I’m not often bored these days, but I certainly have been bored before.
I don’t like it. Not one bit.
I’m curious about boredom. I want to know what causes it and why some people seem to experience boredom constantly, while others rarely or never do.
Boredom feels bad, but it seems different from other feelings. What exactly is boredom, anyway?
I was puzzling over this when this article on 5 types of boredom came to my attention. The article describes and labels boredom, but doesn’t explain it.
Why do we sometimes feel bored?
It’s easy to list the kinds of things that trigger anger, sadness or fear.
For example, when someone mistreats an animal, I get angry.
When someone I care about moves away or dies, it makes me sad.
Horror movies, riots, Simon Cowell … these trigger fear in me.
But what triggers boredom?
Boredom as Self-Alienation
When I think back to times in my life when I’ve felt an unpleasant, negative sense of boredom, they all have one thing in common.
In boredom, I feel alienated from myself.
Nothing sounds good to me because it’s like there’s no “me” there.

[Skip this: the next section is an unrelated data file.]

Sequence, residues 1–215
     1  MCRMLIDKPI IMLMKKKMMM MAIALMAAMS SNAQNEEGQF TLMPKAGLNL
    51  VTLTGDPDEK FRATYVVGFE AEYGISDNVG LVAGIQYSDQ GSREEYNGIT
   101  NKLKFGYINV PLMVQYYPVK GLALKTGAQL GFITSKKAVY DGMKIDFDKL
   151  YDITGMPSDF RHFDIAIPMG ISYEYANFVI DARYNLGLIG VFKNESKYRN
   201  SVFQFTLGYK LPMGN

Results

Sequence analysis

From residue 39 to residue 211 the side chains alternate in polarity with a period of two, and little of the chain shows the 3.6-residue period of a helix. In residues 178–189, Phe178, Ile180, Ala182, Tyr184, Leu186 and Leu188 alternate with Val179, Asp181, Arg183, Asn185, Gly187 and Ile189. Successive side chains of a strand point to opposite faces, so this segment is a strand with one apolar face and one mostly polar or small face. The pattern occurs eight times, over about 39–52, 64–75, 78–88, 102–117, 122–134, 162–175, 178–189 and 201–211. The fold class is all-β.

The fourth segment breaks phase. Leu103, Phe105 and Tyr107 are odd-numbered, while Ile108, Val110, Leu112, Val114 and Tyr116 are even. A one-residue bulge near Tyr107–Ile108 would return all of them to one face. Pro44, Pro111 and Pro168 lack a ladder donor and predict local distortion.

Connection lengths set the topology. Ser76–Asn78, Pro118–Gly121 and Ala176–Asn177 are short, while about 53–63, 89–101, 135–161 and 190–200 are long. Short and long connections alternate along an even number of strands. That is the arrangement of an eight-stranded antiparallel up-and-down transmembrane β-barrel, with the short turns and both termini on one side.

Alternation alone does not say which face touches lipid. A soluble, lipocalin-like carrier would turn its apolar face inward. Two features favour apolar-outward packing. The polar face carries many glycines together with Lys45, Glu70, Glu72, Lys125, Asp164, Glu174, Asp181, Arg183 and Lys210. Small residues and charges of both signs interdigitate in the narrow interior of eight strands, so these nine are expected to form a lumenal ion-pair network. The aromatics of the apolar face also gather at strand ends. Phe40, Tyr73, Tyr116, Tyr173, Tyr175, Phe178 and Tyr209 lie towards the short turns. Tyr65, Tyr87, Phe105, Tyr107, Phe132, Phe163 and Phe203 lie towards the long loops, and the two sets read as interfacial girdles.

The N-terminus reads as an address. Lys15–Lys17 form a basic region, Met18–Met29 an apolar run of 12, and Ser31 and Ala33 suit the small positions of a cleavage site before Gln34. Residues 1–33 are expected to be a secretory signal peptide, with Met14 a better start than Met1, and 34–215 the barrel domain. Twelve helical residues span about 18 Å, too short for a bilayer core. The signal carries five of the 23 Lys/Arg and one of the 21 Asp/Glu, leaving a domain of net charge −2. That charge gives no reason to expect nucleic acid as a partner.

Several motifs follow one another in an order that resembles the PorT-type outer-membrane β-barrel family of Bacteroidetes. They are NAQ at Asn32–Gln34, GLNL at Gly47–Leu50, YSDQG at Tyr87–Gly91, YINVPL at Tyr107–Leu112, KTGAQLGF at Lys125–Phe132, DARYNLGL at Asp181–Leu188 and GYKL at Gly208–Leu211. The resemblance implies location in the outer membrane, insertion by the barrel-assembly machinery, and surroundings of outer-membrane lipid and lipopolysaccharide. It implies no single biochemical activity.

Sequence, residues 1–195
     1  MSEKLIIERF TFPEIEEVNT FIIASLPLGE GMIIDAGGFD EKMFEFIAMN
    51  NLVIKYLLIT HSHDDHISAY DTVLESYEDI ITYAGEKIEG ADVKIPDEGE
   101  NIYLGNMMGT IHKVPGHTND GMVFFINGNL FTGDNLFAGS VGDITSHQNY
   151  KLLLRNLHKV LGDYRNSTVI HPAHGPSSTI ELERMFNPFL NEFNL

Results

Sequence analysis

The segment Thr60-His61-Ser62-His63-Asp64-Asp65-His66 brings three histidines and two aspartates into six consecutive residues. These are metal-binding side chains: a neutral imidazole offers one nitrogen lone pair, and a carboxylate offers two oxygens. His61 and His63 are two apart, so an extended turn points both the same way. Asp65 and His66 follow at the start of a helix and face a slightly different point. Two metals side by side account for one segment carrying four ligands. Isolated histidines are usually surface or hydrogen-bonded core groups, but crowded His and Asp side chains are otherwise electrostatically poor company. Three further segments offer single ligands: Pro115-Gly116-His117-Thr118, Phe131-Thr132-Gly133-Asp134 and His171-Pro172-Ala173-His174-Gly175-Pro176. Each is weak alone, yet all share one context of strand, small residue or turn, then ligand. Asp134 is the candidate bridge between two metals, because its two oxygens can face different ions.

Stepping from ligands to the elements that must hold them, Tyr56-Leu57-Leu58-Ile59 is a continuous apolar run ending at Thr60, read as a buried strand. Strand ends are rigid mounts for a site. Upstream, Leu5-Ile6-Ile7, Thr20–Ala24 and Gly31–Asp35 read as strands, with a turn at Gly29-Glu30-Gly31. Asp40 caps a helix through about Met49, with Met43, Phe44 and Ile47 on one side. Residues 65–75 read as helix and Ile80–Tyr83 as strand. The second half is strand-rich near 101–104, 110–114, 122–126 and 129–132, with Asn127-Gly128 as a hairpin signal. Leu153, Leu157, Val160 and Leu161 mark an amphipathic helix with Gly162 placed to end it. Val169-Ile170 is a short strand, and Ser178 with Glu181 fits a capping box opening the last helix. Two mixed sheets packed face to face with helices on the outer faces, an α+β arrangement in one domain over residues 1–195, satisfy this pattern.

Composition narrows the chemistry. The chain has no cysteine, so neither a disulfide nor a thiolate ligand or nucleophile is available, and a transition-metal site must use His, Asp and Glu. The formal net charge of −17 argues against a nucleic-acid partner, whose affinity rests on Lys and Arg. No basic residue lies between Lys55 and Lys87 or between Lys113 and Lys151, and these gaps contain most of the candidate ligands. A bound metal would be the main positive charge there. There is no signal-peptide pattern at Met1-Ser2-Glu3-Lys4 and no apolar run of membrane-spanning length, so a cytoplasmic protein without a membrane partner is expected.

Reading a book, calling a friend, taking a walk, going to the gym… nothing sounds like something that would break me out of this awful sense of therebutnotthere-ness.
What if boredom is just self-alienation?
If it is, then the cure for boredom is to reconnect with oneself.
The following exercise from my book, Constructive Wallowing, helps you focus on your heart and may help pull you out of boredom.
The next time one of us is bored, let’s agree to try this and see if it helps, okay?
How to Connect With Your Heart
(I’ve adapted this from the book version for when you’re feeling bored.)
When you have some time and privacy, get comfortable and place a hand over your heart.
Breathe normally for a minute, then…
Imagine that each breath you take is nourishing your heart.
As you in inhale, each breath feeds, soothes, and nurtures your aching heart.
Imagine your heart being grateful for your breath…
If simply breathing into your heart doesn’t bring you back to yourself, you might want to ask your heart a question.
You might ask your heart, “What do you need?,” “How can I be closer to you?,” or “What do you want me to know?”
You’ll know your heart is speaking to you if you start to feel emotional.
Emotions may be to boredom what light is to darkness.
Feeling something, anything, may banish boredom just as flicking on a light makes the darkness disappear.
Give it a try and let me know how it goes. Or I will, if I’m ever bored again.
(As long as I have you to talk to, I don’t see it happening.)
Do you have a favorite tip for breaking out of boredom? Please share it by leaving a comment below.
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